New York was the first state to draft a “Son of Sam” law. The legislature enacted the law after rampant speculation about publishers offering large amounts of money for serial killer David Berkowitz’s story. The law was invoked in New York eleven separate times between 1977 and 1990. The original law was struck down on First Amendment grounds when the Supreme Court determined that it removed financial incentives for many criminals to tell their stories, some of which were of vital public interest. New York rewrote the law, and is now one of many states with laws aimed to prevent felons from capitalizing on their crimes; the new law was written to adhere to the Supreme Court’s decision striking New York’s first version of the law.
New York’s current law was enacted in 2001, and it requires that crime victims be notified whenever a person convicted of a crime receives $10,000 of more (from virtually any source). The law then attaches a springing statute of limitations to give victims an extended period of time to sue the perpetrator of the crime in civil court for their crimes. This law also authorizes a state agency, the Crime Victims’ Board, to act on the victims’ behalf in some limited circumstance. The law has thus far survived constitutional scrutiny. A WMC victim could use the Son of Sam law to challenge a defendant criminal’s efforts to profit from his or her crimes by seeking payment from publishing his story.
b. Text of Statute
The statute is quite long and detailed, but the relevant operable section for a WMC litigant follows:
1) Notwithstanding any inconsistent provision of the estates, powers, and trusts law or the civil practice law and rules with respect to the timely bringing of an action, any crime victim shall have the right to bring a civil action in a court of competent jurisdiction to recover money damages from a person convicted of a crime of which the crime victim is a victim, or the representative of that convicted person, within three years of the discovery of any profits from a crime or funds of a convicted person, as those terms are defined in this section. Notwithstanding any other provision of law to the contrary, a judgment obtained pursuant to this section shall not be subject to execution or enforcement against the first one thousand dollars deposited in an inmate account to the credit of the inmate pursuant to section one hundred sixteen of the correction law or in a prisoner account to the credit of the prisoner pursuant to section five hundred-c of the correction law. In addition, where the civil action involves funds of a convicted person and such funds were recovered by the convicted person pursuant to a judgment obtained in a civil action, a judgment obtained pursuant to this section may not be subject to the execution or enforcement against a portion thereof in accordance with subdivision (k) of section fifty-two hundred five of the civil practice law and rules. If an action is filed pursuant to this subdivision after the expiration of all other applicable statutes of limitation, any other crime victims must file any actual discovery of such profits or funds, or within three years of actual notice received from or notice published by the crime victims’ board of such discovery, whichever is later.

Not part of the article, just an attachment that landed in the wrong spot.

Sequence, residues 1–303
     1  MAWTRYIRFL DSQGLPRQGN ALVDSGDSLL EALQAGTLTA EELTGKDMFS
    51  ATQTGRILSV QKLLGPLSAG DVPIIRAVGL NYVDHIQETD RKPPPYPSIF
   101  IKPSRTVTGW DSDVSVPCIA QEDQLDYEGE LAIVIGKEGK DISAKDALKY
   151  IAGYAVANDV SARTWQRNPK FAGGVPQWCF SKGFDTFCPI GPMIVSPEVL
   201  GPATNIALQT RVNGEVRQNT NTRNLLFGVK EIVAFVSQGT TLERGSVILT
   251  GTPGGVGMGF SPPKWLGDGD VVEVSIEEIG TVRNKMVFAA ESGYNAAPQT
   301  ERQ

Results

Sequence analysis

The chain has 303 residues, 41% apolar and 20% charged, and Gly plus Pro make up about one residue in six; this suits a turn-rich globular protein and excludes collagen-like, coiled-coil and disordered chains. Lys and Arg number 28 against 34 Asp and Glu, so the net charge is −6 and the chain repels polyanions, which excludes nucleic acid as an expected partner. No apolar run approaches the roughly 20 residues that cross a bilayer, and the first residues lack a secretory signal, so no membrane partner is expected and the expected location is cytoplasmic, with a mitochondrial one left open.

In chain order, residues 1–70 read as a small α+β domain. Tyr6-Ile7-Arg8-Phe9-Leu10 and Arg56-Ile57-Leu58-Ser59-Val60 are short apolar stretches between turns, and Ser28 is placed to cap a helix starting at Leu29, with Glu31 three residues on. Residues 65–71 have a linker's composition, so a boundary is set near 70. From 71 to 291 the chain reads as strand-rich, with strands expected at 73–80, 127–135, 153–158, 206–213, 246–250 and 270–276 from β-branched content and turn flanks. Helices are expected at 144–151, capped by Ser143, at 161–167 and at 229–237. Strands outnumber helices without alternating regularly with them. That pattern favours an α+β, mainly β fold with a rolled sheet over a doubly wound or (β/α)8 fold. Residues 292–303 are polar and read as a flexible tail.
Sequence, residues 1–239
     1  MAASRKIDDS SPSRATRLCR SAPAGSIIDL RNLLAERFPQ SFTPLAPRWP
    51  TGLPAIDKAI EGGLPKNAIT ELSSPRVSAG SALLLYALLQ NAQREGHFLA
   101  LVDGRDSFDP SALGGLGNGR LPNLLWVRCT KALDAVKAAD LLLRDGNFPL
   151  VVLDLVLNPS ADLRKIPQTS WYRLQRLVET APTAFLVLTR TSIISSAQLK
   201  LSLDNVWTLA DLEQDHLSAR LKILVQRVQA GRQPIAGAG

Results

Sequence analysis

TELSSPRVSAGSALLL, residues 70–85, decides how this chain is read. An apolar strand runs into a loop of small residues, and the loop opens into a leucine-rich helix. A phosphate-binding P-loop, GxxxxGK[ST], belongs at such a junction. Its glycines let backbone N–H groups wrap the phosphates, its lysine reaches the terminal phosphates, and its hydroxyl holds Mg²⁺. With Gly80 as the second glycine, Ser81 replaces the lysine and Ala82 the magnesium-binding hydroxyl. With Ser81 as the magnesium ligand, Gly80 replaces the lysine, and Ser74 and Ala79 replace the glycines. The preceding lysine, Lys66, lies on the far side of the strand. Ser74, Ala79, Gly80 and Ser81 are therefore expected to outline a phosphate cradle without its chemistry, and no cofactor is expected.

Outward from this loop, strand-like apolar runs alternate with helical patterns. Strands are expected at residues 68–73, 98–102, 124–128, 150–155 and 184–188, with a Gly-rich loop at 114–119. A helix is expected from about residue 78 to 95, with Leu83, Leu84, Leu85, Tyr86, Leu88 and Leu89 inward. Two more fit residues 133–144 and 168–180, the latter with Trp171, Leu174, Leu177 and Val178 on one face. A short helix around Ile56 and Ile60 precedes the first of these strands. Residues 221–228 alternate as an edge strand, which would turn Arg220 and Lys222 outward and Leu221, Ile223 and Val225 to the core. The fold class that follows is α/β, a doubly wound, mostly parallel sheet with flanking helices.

Research is ongoing. My search of New York cases citing this law did not reveal any cases that are factually relevant or analogous to WMC’s target situations.
d. Practice Pointers
There are no relevant practice pointers to add here at this time.